By Phil HallSome dates have a special significance: they either bring about warm and happy feelings by the mere mention of their month and day (Feb. 14, Oct. 31, Dec. 25) or they generate less than pleasant emotions (April 15). It appears that Aug. 1 will fall into the latter category: That is the date when the residential mortgage process undergoes a change of dramatic proportions.
Beginning Aug. 1, two of the most complex pieces of financial legislation—the Truth in Lending Act (TILA) and the Real Estate Settlement Procedures Act (RESPA)—will be joined together, and the home loan origination process will be governed by a new set of integrated disclosure requirements. For many industry leaders, this is the single greatest overhaul of the origination process in modern times.
“We are overturning 40 years of law with this one regulation,” said Rod Alba, vice president and senior counsel for mortgage markets for the American Bankers Association (ABA). “We’re starting from zero and a lot of issues will be unanswered.”
What is the problem? Well, the crux of the RESPA-TILA Integrated Disclosures changes, as planned by the Consumer Financial Protection Bureau (CFPB), consolidates four documents into a pair of new disclosures: The early TILA disclosure and the good-faith estimate are going to be combined into a new disclosure called the Loan Estimate, while the final TILA disclosure and HUD-1 settlement statement are to be blended into a new form called the Closing Disclosure.
In concept, these changes were meant to simplify the loan documents that borrowers need to review and sign. But in reality, the changes encompass 1,888 pages of identifying requirements and more than 400 regulatory citation revisions.
“ABA has always backed and supported a simpler, more streamlined and integrated disclosure process,” said Alba. “We’re not sure their integration process gets us the simplification and improves consumer disclosures. In this simplification process, they managed to add paper to the consumers.”
The TILA-RESPA rule applies to most, but not all real property-secured credit transactions. Reverse mortgages, home equity lines of credit and chattel-dwelling loans including manufacturing housing are not covered. However, loans that are subject to TILA but not RESPA—including construction-only loans and loans that are secured by either vacant land of properties covering space spanning 25 acres and more—will now be subject to the requirements of the new integrated disclosure.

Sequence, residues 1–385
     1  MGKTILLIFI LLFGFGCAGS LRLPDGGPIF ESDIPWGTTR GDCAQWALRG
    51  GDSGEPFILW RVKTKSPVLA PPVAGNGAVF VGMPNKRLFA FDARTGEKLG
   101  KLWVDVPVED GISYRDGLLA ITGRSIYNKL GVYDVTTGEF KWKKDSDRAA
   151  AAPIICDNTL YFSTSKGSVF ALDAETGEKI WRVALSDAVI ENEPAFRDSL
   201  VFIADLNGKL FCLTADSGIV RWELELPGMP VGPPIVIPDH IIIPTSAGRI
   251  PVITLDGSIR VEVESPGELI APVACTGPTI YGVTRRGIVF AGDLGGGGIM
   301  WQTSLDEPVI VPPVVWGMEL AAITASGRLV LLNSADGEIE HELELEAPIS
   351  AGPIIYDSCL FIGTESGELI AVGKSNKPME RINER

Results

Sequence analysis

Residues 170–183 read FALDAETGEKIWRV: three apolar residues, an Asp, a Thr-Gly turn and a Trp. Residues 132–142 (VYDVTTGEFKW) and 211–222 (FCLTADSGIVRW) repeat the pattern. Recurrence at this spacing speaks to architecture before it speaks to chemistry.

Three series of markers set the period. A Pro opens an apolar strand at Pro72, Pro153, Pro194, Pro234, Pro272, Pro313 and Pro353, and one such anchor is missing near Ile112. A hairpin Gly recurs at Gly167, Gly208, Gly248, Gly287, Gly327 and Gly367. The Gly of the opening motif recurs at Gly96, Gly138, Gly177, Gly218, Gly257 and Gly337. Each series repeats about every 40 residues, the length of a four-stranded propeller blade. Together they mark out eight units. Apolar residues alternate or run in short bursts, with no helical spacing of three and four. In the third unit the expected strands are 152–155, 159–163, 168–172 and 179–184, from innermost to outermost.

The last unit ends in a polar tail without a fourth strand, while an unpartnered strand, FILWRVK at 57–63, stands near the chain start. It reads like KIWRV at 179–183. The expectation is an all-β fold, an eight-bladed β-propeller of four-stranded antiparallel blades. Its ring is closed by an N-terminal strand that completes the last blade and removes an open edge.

Beginning on Aug. 1, a lender is required to provide the Loan Estimate within three business days of receiving a loan application. The estimate needs to include a good-faith estimate of credit costs and the transaction terms. Lenders may not need to issue revisions to Loan Estimates if technical errors, miscalculations or underestimations of charges are discovered later, and they can only issue revisions of the Loan Estimate if certain situations bring about an increase in charges. And the delivery of the Loan Estimate sets off a seven-day waiting period before the loan can be formally closed.
The CFPB submitted the final rule on the TILA-RESPA changes for publication in the Federal Register on Nov. 20, 2013. Two changes were made in January—one revising the timing of the loan lock disclosure requirements and one related to new construction loans. While an outsider might assume more than enough time would be available for banks to enact the CFPB’s changes, it is not all that simple. For starters, the new rules come with extremely specific requirements that detail the production and delivery of the new disclosures.
“What this means to the industry is that every single disclosure and form related with mortgage transactions is going to change,” said Alba. “In some instances, the change is absolute; in other instances, the change is minute. But all of your systems will need to be revamped. This will force every bank to replace all of the compliance systems related to mortgages and all processes related to the origination phase of the transaction. It reconfigures the interaction between the bank and the consumer by changing the forms and the timing requirements and liabilities. The interface between the bank and the consumer changes to fit new rules that the CFPB is putting on the table.”